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Conservative senator condemns Ignatieff's 'cotton pickin' quip

Pastor Don Meredith, now a Conservative senator, is shown in downtown Toronto on March 30, 2004.

Louie Palu/Louie Palu/The Globe and Mail

Is it racist? Or is it Bugs Bunny?

Conservative Senator Don Meredith takes issue with Liberal Leader Michael Ignatieff's use of the term "cotton pickin' minute" and wants him to apologize.

Mr. Meredith, a recently-appointed Jamaican-born pastor, said in a Friday news release he wanted to "condemn in the strongest possible terms" Mr. Ignatieff`s use of the words in a response to a reporter.

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The Liberal Leader's quote was, at the very least, insensitive and, certainly offensive to many people, Mr. Meredith said. The reference, he said, hails back to a time when slavery was acceptable and an entire group of people were held to be lesser than others because of the colour of their skin.

But does it?

According to American essayist Heather Michon, the phrase " cotton picking" arose in the American South in "sometime the 17th Century to describe a nuisance or something troublesome or unpleasant." At that time, cotton was a garden crop tended by Southerners, black people and white people alike, Ms. Michon says.

"Cotton picking was hot, dirty, nasty work. It had little or no connection to slavery at that point in history, because wide-scale cotton cultivation was not really feasible until the development of the cotton gin in very last years of the 18th Century, she says.

"'Cotton-picking' stayed in the language and eventually became a slang for 'God-damn' or 'damn' or any number of less polite swear words, and so it survived into modern times," Ms. Michon says. "It was heavily used in cowboy movies in the early decades of motion pictures, when swearing on-screen was still taboo. I suspect many of us first heard it in Bugs Bunny cartoons."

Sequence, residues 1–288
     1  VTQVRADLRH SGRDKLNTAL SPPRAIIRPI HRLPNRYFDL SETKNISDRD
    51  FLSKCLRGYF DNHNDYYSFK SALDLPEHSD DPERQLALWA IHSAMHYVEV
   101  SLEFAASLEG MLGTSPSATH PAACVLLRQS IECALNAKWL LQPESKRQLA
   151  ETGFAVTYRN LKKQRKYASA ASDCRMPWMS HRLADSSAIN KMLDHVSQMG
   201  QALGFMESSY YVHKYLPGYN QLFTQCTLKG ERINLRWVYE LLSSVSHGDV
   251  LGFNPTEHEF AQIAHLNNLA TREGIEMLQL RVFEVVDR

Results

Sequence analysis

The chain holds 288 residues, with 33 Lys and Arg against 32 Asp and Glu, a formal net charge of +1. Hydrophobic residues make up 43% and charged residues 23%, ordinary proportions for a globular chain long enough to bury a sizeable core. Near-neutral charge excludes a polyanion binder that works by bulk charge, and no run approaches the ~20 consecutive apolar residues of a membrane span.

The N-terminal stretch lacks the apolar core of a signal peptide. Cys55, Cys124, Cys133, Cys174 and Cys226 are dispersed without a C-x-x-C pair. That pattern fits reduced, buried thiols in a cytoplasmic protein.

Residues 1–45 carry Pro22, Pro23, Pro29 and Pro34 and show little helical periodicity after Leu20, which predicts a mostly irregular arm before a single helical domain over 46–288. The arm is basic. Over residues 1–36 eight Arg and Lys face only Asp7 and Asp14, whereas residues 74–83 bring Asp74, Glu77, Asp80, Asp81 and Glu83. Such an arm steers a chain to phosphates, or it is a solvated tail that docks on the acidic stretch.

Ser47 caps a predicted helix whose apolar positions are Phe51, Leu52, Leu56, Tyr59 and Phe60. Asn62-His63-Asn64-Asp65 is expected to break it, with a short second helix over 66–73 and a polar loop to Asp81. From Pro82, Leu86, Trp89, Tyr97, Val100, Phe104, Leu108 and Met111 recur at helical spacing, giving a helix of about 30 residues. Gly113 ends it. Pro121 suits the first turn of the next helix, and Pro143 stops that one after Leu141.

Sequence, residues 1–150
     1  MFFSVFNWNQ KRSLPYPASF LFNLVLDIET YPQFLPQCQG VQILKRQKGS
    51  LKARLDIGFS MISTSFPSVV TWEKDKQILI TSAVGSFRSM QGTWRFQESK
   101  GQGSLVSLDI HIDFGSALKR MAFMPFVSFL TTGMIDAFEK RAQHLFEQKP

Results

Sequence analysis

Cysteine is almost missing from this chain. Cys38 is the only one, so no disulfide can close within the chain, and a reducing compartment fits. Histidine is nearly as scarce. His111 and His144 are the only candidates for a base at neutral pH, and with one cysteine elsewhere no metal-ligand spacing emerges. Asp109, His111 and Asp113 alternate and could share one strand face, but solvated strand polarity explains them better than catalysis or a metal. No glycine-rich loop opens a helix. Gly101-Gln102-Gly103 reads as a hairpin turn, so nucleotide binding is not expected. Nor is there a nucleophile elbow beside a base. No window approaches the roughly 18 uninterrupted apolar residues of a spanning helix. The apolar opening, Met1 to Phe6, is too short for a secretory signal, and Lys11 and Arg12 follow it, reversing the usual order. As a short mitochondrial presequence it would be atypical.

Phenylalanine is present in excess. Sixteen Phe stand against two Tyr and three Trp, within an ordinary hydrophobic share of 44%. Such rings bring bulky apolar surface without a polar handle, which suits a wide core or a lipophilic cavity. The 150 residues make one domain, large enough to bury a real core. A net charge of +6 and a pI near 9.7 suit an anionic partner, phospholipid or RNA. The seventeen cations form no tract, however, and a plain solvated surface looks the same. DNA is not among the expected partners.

But all of this stuff is fodder for political opponents.

There was a time when the Liberals were taking Conservative MP Pierre Poilievre to task for his use of the phrase "tar baby." The parliamentary secretary to the Prime Minister was trying suggest that Mr. Ignatieff was distancing himself from the carbon tax policy of his predecessor Stéphane Dion.

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"On that side of the House, they have the man who fathered the carbon tax, put it up for adoption to his predecessor and now wants a paternity test to prove the tar baby was never his in the first place," Mr. Poilievre said.

The Liberals and the NDP demanded an apology which never came.

As for Mr. Meredith's accusations, Mr. Ignatieff's office says they are nothing more than pre-election posturing.

"The only thing happening here is Conservatives are lobbing baseless accusations designed to distract from the glaring spotlight on their contempt for Canadian democracy," said Leslie Church, the Liberal Leader's director of communications.

"Two Speaker's rulings, serious charges of running an electoral scam, and their refusal to reveal the true costs of their stealth jet deal make for a very bad week they'd go to any lengths to forget."

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About the Author
Parliamentary reporter

Gloria Galloway has been a journalist for almost 30 years. She worked at the Windsor Star, the Hamilton Spectator, the National Post, the Canadian Press and a number of small newspapers before being hired by The Globe and Mail as deputy national editor in 2001. Gloria returned to reporting two years later and joined the Ottawa bureau in 2004. More

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